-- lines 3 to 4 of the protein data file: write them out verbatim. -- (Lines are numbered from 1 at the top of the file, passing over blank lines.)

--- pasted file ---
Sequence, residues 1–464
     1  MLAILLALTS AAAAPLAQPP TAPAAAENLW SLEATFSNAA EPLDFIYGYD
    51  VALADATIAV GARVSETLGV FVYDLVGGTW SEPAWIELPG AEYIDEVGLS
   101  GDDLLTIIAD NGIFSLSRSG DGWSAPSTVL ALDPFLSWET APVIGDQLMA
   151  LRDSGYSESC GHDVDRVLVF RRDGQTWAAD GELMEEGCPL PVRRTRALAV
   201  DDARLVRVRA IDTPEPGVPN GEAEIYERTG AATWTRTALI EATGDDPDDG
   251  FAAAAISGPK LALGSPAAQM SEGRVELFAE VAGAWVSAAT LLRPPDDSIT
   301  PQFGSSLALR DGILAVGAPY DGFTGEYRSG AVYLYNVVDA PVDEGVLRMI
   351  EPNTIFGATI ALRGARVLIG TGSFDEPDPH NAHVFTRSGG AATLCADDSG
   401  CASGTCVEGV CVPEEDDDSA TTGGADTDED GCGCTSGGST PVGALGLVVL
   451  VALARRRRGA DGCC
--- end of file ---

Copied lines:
    51  VALADATIAV GARVSETLGV FVYDLVGGTW SEPAWIELPG AEYIDEVGLS
   101  GDDLLTIIAD NGIFSLSRSG DGWSAPSTVL ALDPFLSWET APVIGDQLMA